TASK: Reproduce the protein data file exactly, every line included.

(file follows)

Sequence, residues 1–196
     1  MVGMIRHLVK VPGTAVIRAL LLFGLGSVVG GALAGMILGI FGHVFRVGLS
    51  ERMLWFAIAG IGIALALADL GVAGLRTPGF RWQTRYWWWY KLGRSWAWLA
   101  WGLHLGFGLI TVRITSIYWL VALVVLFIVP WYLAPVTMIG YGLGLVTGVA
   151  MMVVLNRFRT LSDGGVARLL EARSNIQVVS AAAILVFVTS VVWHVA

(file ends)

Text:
Sequence, residues 1–196
     1  MVGMIRHLVK VPGTAVIRAL LLFGLGSVVG GALAGMILGI FGHVFRVGLS
    51  ERMLWFAIAG IGIALALADL GVAGLRTPGF RWQTRYWWWY KLGRSWAWLA
   101  WGLHLGFGLI TVRITSIYWL VALVVLFIVP WYLAPVTMIG YGLGLVTGVA
   151  MMVVLNRFRT LSDGGVARLL EARSNIQVVS AAAILVFVTS VVWHVA